Sri Lanka is making aggressive and sometimes scary attempts to promote this island as a tourist destination. Among these plans we must surely have our tea products in mind. A steaming cup of tea to break journey is welcomed by both local and foreign tourists. But whether we’d enjoy the cup of tea if we came to know of the plight of the tea workers is a question we need to pose to
It’s over a year since Gotabaya Rajapaksa pledged support to estate workers at a rally held Kotagala, Hatton, as a presidential candidate, that he’d increase the daily wage to Rs 1000 once he takes office. But right now the daily basic wage of the estate worker remains unchanged despite talks between trade unions and regional plantation companies.
It seems that plantation companies don’t care much about election promises and politics. They are interested in profits and the least about worker welfare. Most plantation companies would want to see the wage of the plantation worker not grow; much like the tea bush itself.
But on the long run these companies acknowledge finding workers for plucking being a problem, but hold back on giving a better pay pack to workers at the end of the day. The reasons companies give for this is the present crisis that exists because of an oversupply of tea in the market due to the pandemic.
But unions maintain that tea companies are doing well and since the present tea price stands at Rs 629.94 a company can easily pay a daily wage of Rs 853. Workers at present earn a daily wage of Rs 800; without allowances.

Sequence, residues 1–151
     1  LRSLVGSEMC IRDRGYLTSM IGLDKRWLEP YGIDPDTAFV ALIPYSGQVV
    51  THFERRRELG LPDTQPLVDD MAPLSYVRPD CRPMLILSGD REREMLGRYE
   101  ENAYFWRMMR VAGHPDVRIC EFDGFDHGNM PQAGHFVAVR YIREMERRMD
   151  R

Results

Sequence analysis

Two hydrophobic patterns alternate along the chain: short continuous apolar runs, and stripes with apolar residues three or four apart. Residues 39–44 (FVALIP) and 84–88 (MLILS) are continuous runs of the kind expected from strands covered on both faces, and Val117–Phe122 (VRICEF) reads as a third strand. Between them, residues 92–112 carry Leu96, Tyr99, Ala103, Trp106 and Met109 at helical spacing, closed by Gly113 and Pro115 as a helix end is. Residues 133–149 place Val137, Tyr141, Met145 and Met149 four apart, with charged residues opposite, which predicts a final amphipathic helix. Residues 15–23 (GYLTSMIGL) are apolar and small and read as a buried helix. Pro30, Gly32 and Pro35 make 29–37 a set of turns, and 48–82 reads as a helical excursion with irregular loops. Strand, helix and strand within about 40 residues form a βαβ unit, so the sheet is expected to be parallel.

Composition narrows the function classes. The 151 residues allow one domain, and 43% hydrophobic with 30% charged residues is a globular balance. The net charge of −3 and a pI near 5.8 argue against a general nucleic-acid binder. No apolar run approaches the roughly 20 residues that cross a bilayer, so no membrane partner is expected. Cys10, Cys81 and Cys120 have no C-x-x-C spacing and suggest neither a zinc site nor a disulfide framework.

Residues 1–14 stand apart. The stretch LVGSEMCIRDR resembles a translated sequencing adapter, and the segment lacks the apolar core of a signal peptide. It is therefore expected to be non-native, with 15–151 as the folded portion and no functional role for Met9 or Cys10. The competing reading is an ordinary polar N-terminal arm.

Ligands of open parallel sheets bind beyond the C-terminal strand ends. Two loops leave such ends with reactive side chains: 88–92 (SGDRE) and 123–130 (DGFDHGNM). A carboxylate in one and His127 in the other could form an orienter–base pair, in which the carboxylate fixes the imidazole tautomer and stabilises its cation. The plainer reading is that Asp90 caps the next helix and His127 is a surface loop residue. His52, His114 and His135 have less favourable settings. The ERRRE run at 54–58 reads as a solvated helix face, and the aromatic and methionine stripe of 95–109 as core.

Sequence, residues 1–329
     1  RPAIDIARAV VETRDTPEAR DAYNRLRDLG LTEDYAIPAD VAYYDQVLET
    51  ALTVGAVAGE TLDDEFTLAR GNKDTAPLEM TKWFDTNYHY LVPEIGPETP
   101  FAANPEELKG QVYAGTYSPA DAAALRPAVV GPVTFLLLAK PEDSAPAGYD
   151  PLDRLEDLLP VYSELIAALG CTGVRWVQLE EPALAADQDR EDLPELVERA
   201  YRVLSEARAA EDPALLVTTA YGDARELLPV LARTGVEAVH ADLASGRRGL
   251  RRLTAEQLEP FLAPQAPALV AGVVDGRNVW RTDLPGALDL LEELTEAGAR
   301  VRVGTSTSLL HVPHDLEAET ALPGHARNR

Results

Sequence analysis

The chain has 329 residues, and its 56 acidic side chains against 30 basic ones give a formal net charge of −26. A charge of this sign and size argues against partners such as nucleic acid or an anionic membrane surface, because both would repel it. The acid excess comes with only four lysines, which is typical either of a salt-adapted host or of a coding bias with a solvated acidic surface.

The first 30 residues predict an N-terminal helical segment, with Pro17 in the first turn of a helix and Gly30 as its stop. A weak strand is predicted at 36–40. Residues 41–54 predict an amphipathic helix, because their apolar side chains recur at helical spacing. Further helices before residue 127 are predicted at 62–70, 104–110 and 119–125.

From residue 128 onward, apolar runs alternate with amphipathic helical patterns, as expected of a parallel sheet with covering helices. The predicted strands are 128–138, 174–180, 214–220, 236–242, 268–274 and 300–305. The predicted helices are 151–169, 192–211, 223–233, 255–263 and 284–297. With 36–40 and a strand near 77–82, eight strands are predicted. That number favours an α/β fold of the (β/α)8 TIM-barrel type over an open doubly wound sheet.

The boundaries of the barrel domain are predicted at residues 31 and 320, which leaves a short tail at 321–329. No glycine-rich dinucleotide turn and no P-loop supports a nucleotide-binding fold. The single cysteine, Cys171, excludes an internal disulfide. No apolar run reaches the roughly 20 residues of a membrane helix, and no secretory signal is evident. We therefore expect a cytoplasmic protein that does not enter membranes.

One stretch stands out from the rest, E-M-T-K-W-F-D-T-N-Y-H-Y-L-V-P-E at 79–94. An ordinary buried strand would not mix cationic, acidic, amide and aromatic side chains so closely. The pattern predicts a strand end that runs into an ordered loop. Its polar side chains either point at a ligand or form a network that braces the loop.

What’s amusing is that these companies, or some advertising firms making adds on ‘Ceylon Tea’ for them, use these pluckers in propaganda work. They use the strong point of estate workers-to able to smile in the face of adversity- to their
In this backdrop it’s heartening to know that unions like the CWC (not forgetting the late Arumugan Thondaman), LJEWC and JPTUC are backing estate workers. They appose a basic daily wage of less than Rs 1000 for workers.
There were plans to make the basic salary of workers Rs 1025 which would include incentives from attendance, production and price share supplement. For the record a collective agreement signed between unions and regional plantation companies to ensure a basic wage of Rs 700 lapses in March 2021.
Plantation companies maintain that workers will have to raise their performance if they are be eligible to some of the allowances. For that they need to raise their daily plucking contribution which is at 18 kilos to 20 kilos.
Most estate workers are old and estates are experiencing a shortage of labour. The reason for this is that the youth in the estate sector are migrating to the city in search of more lucrative occupations. Even some elders employed in estates prefer jobs as manual labourers because the pay
Unions accuse plantation companies of only pursuing profits. They are even accused of not reinvesting in replantation. But these companies are hellbent on obtaining government subsidies and other benefits. If a company doesn’t see it important to reinvest on replantation can workers depend on such paymasters to look after its staff?
Away from the frustration in the hills we get to hear that prices fetched at the Colombo Tea Auction are rosy. For the record the average price for tea in 2020 was Rs 641.66 in comparison to Rs 596.67 in 2019; calculations made in November of each year.
Last year the Cabinet approved a daily wage of Rs 1000 for a tea estate workers and Premier Mahinda Rajapaksa as Minister of Finance reiterated that when he read out the Budget
Stalled talks between unions and regional plantation companies were set to recommence on January 7. Let’s hope that the estate workers’ salary issue would be sorted out this year because that would certainly add value to the our tea cup!